Saint Michael’s Hall: A house with three stories

by George McNeely
Posted 4/1/21

Last week, an article in the Local announced that the large house at 9001 Germantown Ave., now known as Saint Michael’s Hall, is being offered for sale by the Convent of the Sisters of Saint …

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Saint Michael’s Hall: A house with three stories


Last week, an article in the Local announced that the large house at 9001 Germantown Ave., now known as Saint Michael’s Hall, is being offered for sale by the Convent of the Sisters of Saint Joseph after almost a century of careful ownership. William Valerio, the director of nearby Woodmere Art Museum, and the museum’s trustees are exploring the possibility of buying the house and its four acres to become an extension to the main museum. Simultaneously, a developer is also reportedly interested in buying the site for an unknown number of new houses.

The house tells a number of stories about our town. One is about the construction and gradual expansion of the house itself. A second story is about the three prominent Philadelphia families who owned it prior to the Sisters. And a third is about its place in the impressive local history of the Sisters.

The open land was acquired in 1855 by William Henry Trotter and his original square stone Gothic Revival house was finished by 1857. No architect is known. It was built as part of a wave of local country house construction driven by the completion in 1854 of the rail line connecting the busy and increasingly polluted Center City Philadelphia to sylvan Chestnut Hill (the Chestnut Hill East line). That easy connection encouraged prosperous city residents to build country villas clustered around the northern end of the village, including Trotter’s house.

Trotter was an example of the industrious merchants of the early 19th Century whose efforts drove our region’s economy from agriculture and small-scale workshops to ever bigger and more specialized manufacturing. His family’s business focused on metals wholesaling and manufacturing, and unexpectedly still exists today. He later expanded his interests into finance and real estate, and also increased his land in Chestnut Hill to 9.3 acres.

In 1868, he sold that house and moved to Wyndmoor. The buyer was Henry Latimer Norris, whose family’s company pioneered steam locomotives, a booming business in the second quarter of the 19th Century as new railroad tracks were laid throughout the East coast and farther inland. By the 1850s, the family firm had become one of the largest locomotive builders in the country. The site of its extensive manufacturing plants later became part of the massive Baldwin Locomotive Works north of City Hall, which is now almost entirely gone.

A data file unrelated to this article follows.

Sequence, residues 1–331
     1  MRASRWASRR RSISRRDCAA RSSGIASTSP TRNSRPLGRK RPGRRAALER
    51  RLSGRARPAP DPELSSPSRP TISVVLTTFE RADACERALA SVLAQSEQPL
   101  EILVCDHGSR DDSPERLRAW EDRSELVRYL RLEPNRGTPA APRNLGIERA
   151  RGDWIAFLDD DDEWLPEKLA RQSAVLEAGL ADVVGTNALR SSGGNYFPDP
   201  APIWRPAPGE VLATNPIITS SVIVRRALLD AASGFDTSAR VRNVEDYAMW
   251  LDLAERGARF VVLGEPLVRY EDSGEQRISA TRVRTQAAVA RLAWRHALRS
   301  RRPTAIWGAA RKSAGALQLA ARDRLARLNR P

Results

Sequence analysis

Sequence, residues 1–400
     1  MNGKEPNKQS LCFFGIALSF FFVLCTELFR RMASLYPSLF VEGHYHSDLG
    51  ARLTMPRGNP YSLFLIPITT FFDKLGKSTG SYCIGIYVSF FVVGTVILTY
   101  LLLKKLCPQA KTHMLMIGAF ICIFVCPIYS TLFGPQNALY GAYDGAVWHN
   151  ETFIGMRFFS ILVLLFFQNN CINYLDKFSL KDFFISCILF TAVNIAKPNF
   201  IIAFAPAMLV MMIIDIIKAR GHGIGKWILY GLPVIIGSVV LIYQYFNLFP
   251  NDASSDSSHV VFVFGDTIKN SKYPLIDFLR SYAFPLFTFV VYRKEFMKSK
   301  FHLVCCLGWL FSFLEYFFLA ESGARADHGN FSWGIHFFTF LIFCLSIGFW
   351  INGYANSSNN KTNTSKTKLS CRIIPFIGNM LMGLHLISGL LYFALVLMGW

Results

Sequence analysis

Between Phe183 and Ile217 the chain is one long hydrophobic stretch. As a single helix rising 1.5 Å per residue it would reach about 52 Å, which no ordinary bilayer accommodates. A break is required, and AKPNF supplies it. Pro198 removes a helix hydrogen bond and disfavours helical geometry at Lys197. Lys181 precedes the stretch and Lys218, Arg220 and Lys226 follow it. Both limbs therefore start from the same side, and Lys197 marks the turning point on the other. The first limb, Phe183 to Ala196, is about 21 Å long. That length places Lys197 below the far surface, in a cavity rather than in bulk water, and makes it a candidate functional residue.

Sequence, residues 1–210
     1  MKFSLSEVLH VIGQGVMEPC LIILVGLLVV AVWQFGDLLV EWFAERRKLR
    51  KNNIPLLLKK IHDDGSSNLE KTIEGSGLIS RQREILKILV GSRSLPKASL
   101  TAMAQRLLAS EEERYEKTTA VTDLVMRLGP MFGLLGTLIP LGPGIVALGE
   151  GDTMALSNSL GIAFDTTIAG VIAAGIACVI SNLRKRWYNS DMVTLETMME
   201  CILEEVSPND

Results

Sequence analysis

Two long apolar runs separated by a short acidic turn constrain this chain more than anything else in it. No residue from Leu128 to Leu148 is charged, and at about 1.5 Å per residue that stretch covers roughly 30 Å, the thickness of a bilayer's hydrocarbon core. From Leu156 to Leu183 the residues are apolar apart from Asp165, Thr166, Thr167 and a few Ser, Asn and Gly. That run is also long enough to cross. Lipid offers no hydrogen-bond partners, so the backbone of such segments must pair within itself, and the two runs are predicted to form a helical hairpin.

In 1884, the house was bought by yet another enterprising and successful merchant, Alfred Cravan Harrison, whose family business was the Franklin Sugar Refining Company. Back in the 18th Century, Philadelphia became a center for the importing of raw sugar cane from the Caribbean, its refining and then exporting around the world. In the second half of the 19th Century, Franklin Sugar’s extensive plants on the Delaware River made it one of the largest sugar-makers in the world – and made that family very rich. The family money also enabled Harrison’s brother, William Welsh Harrison, to construct Grey Towers, the castle that is now occupied by Arcadia University in Glenside.

Harrison expanded his own house several times in the 1890s, including the rounded bay on the entrance front and two wings designed by noted local firm Cope & Stewardson in a simplified Tudor style sympathetic to the original house. Over the decades, he also added various estate buildings, including greenhouses.

Harrison sold the house in 1924 to real estate developer Judson M. Zane, who subdivided the land and developed houses along the northern sides of the property. He sold the main house and its four remaining acres to the Convent of the Sisters of Saint Joseph in 1927, which gave the house a new life.

The Sisters of Saint Joseph have a fascinating history, tracing back to 1650 when Jesuit Father Jean-Pierre Médaille encouraged six women in the founding of the order in the town of Le Puy, in south-central France, for pious women who wanted to serve their communities outside of a religious cloister.

The order grew gradually in that area but was scattered during the French Revolution due to the close connections between the Catholic Church and the aristocracy. But the Sisters regrouped and the first sisters came to Philadelphia in 1847 to serve the local Catholic population, recently swelled by immigrants fleeing the potato famine in Ireland and political upheavals in Germany. They had also arrived shortly after Philadelphia’s horrifying anti-Catholic riots of 1844 caused by “nativist” anti-immigration mobs.

The sisters coming to Chestnut Hill was largely due to John Middleton, a rich, local Quaker who had converted to Catholicism. His enthusiasm and financial support led both to the opening of the church that would later become known as Our Mother of Consolation in 1854 and soon thereafter a parish school for which the sisters became teachers.

That then led to the Sisters’ almost 170 years of dedicated educational service in this area, including what are now known as Norwood-Fontbonne Academy, Mount Saint Joseph Academy and Chestnut Hill College.

The Sisters have been in their own ways as industrious and successful as the three important industrialists who owned St. Michael’s Hall before them. The house itself has been used for a variety of purposes by the Sisters over the decades since 1927, most recently as a residence hall for nuns. It was closed last fall and its future is now to be decided.

This writer gives big thanks to the industrious staff of the Chestnut Hill Conservancy, who did much of the research for this article.